Finalist Photographers
Estée Lauder Pink Ribbon Photo Award 2019


The 40 finalist photographers selected for this 8th edition of the Estée Lauder Pink Ribbon Photo Award.
The winners of the three Jury Prize and of the Téva Audience Award will be revealed on November 8, 2019 at Paris Photo Fair.

Many thanks to those who participated with their talent and heart in this 8th edition, whether they are lfinalists or not.

We want yo thank also our partners and the Jury members who have accompanied us again this year with great generosity.

Arnaud ROPARS [Ventabren]

Arnaud ROPARS [Ventabren]

Looking in this mirror,
This body ravaged in the past,
She now gazes at hope
And at her femininity that comes alive again.
What remains is this scar on her body,
In her soul, and her gaze,
But the gentleness of the hands that decorate it,
Now calm her distant nightmare,
Because they have both chosen to fight the disease,
Because they are both heroines of this new life.
David COMMENCHAL [La Madeleine-Bouvet]

David COMMENCHAL [La Madeleine-Bouvet]

A man in a rush, I met Sarah in a dry-cleaners: her life in five minutes, cancer included!
This fleeting interview gave rise to a first portrait, titled Belle de vie, in a magazine. Two years later Belle de vie was the title of her debut novel, of which she is the heroine. Belle de vie is now this photograph imagined in a noisy, small café, with contributions from Joëlle, novelist, and Sylvie, my partner, artist. A three-hour shoot in the studio, her book in her hand… the tattoos on her mastectomy scars created by Lisa, tattooist: a work of art on alighting on skin’s surface, extended by Sylvie’s drawings, for a photo that symbolizes the end of a period of remission.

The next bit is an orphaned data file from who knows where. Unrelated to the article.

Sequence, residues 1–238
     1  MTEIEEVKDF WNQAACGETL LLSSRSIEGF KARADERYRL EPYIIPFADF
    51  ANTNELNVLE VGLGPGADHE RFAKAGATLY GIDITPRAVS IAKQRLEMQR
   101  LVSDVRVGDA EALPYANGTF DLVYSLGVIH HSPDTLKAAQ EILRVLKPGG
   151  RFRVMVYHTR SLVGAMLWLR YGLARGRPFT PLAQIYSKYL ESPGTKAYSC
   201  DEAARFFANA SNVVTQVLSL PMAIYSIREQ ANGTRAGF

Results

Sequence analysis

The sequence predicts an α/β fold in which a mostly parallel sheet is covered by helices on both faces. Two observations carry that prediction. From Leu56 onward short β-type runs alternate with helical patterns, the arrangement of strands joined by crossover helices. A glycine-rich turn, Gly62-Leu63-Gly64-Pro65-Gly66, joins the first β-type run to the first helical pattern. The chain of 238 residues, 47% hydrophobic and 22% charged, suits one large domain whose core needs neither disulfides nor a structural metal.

“We can be heroes just for one day” David Bowie sang.
“We can be heroes just for one photo” David the photographer hopes!
David SOYER [Buhl]

David SOYER [Buhl]

A year ago, Houda contacted me to ask me to do her portrait, as she was. I immediately accepted. When talking with her, I understood that she was stronger than the disease. She didn’t complain; she didn’t even stop working. At the time, she was a construction site truck driver. The chemo didn’t tire her out, on the contrary, she was in top form and would party after work, sometimes until dawn. She provided a life lesson. So many others would have been desperate, whereas she continued to enjoy life to the fullest.
I wanted to photograph the disease in a raw and frontal way, without estheticizing.
Without a wig and virtually naked, Houda reveals everything. We have no other option than to look at wounds and marks caused by the disease.
Despite this, Houda is proud of her femininity; she is courageous. In her gaze and her bearing she says everything: “Cancer will not get me, I am indestructible.”
She is now in remission.
Laura BOUR [Trets]

Laura BOUR [Trets]

’Hero’: a person who distinguishes himself by his bravery.